Progress in Stroke PreventionEn Español (Spanish Version)
occurs when an artery in the brain becomes blocked or a blood vessel carrying blood to the brain bursts. Either way, the brain does not receive enough blood and oxygen and brain cells begin to die.
Many of the risk factors for stroke can be lowered or treated. Others, such as increasing age, family history of stroke, African American race, or prior stroke cannot be.
The most common and most preventable risk factor for stroke is
high blood pressure
. The National Stroke Association recommends all adults have their blood pressure checked every year. High blood pressure is defined as having a systolic pressure greater than 140 mm Hg and diastolic pressure greater than 90 mm Hg. A good blood pressure is 120 mm Hg/80 mm Hg or lower. If you have a certain condition, like diabetes, your doctor may have stricter blood pressure goals for you. Reducing high blood pressure may lower your risk for stroke.
Lowering cholesterol levels with diet, exercise, and medicine may help reduce the build-up of fatty arterial plaque that can trigger a stroke. The American Heart Association (AHA) recommends adults have a fasting cholesterol check at least once every five years. A desirable total cholesterol level is less than 200 mg/dl. If you have cardiovascular disease or diabetes, your doctor will have you follow stricter cholesterol guidelines.
If you have
(an irregular heart rhythm), a blood thinner such as
may be able to lower your risk for stroke. However, your doctor should monitor your condition carefully if you are taking warfarin therapy to watch for possible bleeding.
If you have diabetes, keeping your blood pressure low (eg, 120/80 mmHg) can reduce your risk of stroke. Blood pressure drugs called angiotensin-converting enzyme (ACE) inhibitors can be helpful for this purpose.
Control of blood sugar is important, as well, in decreasing stroke risk.
have twice the risk of suffering a stroke as nonsmokers. This risk is increased even more if you are also taking oral contraceptive pills. However, if you
, your risk of stroke will fall—within about five years—to the same level as someone who never smoked. There are many smoking cessation aids available today, including online support groups, nicotine patches, sprays, gum, or certain drugs.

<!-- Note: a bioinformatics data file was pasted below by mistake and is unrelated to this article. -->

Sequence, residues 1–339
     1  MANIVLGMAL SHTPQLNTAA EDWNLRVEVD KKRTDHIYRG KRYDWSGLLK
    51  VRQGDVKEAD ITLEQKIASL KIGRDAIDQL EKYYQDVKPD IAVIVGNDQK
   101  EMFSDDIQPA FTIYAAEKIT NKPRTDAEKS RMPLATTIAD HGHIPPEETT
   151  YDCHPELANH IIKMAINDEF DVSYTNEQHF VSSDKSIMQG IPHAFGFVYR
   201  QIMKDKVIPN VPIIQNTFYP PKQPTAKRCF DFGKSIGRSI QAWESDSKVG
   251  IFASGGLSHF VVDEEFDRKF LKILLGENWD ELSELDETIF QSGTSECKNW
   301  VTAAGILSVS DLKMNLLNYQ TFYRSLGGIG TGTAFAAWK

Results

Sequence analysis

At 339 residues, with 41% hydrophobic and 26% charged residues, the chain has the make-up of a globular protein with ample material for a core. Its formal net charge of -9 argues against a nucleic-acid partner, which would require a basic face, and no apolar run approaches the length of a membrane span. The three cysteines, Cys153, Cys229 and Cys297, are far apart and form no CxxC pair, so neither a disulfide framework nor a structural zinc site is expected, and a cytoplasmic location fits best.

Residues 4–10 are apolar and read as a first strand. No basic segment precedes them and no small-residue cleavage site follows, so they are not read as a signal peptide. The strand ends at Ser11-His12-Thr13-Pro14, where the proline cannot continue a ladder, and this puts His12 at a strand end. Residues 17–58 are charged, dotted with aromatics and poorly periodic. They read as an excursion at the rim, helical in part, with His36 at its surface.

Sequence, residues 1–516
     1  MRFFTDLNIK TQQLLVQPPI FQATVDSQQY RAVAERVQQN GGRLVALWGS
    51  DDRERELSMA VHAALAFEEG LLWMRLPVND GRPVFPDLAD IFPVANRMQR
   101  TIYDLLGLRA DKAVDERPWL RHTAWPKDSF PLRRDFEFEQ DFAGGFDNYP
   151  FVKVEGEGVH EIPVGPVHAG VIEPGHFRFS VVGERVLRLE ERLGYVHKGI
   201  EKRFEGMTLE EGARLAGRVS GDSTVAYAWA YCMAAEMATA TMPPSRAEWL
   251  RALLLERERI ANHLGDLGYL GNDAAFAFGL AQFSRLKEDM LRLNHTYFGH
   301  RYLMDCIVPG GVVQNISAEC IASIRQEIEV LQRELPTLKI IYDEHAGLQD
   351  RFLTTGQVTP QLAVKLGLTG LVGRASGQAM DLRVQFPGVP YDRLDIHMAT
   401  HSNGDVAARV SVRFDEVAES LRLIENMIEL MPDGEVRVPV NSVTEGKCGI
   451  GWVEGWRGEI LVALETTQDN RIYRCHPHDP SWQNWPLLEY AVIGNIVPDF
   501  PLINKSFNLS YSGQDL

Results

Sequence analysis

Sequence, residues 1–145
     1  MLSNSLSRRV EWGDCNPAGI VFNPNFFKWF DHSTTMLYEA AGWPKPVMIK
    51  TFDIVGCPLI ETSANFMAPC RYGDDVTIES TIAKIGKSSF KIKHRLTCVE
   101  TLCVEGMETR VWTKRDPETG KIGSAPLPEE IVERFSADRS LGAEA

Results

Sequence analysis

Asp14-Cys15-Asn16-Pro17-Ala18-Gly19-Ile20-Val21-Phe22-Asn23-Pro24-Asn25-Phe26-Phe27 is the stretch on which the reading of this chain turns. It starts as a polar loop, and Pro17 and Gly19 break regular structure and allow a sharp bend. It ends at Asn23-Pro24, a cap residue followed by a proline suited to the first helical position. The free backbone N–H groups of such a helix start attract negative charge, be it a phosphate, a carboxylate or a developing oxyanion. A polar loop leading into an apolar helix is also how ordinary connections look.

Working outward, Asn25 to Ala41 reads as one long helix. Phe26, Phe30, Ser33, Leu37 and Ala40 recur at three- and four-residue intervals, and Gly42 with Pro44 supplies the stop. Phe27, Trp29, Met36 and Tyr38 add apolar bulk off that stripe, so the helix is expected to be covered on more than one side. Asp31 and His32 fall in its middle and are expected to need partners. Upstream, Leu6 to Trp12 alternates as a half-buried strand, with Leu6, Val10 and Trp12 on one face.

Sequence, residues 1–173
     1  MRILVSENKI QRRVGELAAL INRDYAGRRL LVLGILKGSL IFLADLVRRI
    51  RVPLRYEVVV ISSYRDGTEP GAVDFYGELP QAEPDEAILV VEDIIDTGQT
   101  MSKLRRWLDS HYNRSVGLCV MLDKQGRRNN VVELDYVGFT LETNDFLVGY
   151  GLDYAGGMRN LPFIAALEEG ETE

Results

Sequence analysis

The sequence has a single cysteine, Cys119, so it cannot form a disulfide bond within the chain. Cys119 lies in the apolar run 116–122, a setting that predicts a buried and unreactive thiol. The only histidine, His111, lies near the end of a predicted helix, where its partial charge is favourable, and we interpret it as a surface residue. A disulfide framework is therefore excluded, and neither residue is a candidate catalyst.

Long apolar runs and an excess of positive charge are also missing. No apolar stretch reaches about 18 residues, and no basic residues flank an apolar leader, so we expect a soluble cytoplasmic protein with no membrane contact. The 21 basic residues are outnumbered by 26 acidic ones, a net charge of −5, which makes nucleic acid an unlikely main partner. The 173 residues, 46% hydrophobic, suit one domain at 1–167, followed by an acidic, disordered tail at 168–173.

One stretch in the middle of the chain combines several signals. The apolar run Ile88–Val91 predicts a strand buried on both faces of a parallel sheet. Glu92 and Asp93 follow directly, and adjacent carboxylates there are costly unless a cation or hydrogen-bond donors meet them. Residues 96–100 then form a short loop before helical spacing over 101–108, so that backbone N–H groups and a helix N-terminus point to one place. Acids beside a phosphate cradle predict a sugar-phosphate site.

Talk to your doctor if you need help to quit smoking.
Antiplatelet medicines make blood platelets less sticky and, therefore, less likely to form clots that can lead to strokes. Some people who have already suffered a stroke or a
transient ischemic attack
may benefit from taking an antiplatelet agent. Medicines like
or the combination of aspirin plus
(Aggrenox) may be prescribed.
If you have fatty arterial deposits in their neck, which can lead to stroke, you may benefit from
carotid artery surgery
. If you have severe arterial blockage and a history of previous stroke or TIA, this surgery may significantly reduce your risk of a second stroke.
can reduce your risk of stroke. Work with your doctor to create an exercise routine that is safe for you.
Today we are much better prepared than in the past to prevent strokes. If you are at increased risk for stroke, discuss your options with your doctor. If you do experience symptoms of a stroke, it is important to immediately undergo medical evaluation. For acute strokes, the time to diagnosis and treatment is extremely important. If you think you are having a stroke, call for emergency help right away.
American Stroke Association
National Stroke Association
Canadian Cardiovascular Society
Heart and Stroke Foundation of Canada
Impact of stroke (stroke statistics). American Heart and Stroke Association website. Available at:
. Updated May 1, 2012. Accessed June 12, 2012.
Stroke risk factors. American Stroke Association website. Available at:
. Accessed June 12, 2012.
Furie KL, Kasner SE, Adams RJ, et al. Guidelines for the Prevention of Stroke in Patients With Stroke or Transient Ischemic Attack: A Guideline for Healthcare Professionals From the American Heart Association/American Stroke Association.
. 2010 October 21. Available at:
. Updated October 21, 2010. Accessed June 12, 2012.
Goldstein LB, Adams R, Alberts MJ, et al. Primary prevention of ischemic stroke: a guideline from the American Heart Association/American Stroke Association Stroke Council: co-sponsored by the Atherosclerotic Peripheral Vascular Disease Interdisciplinary Working Group; Cardiovascular Nursing Council; Clinical Cardiology Council; Nutrition, Physical Activity and Metabolism Council; and the Quality of Care and Outcomes research Interdisciplinary Working Group.
High blood pressure. EBSCO Health Library website. Available at:
. Updated September 2011. Accessed June 12, 2012.
Am I at risk for a stroke? National Stroke Association website. Available at:
. Accessed June 12, 2012.
NCEP ATP III guidelines. EBSCO DynaMed website. http://www.dynamed.com/what.php. Accessed June 14, 2012.
Prevention of stroke. EBSCO DynaMed website. http://www.dynamed.com/what.php. Updated June 6, 2012. Accessed June 14, 2012.
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Last Reviewed June 2012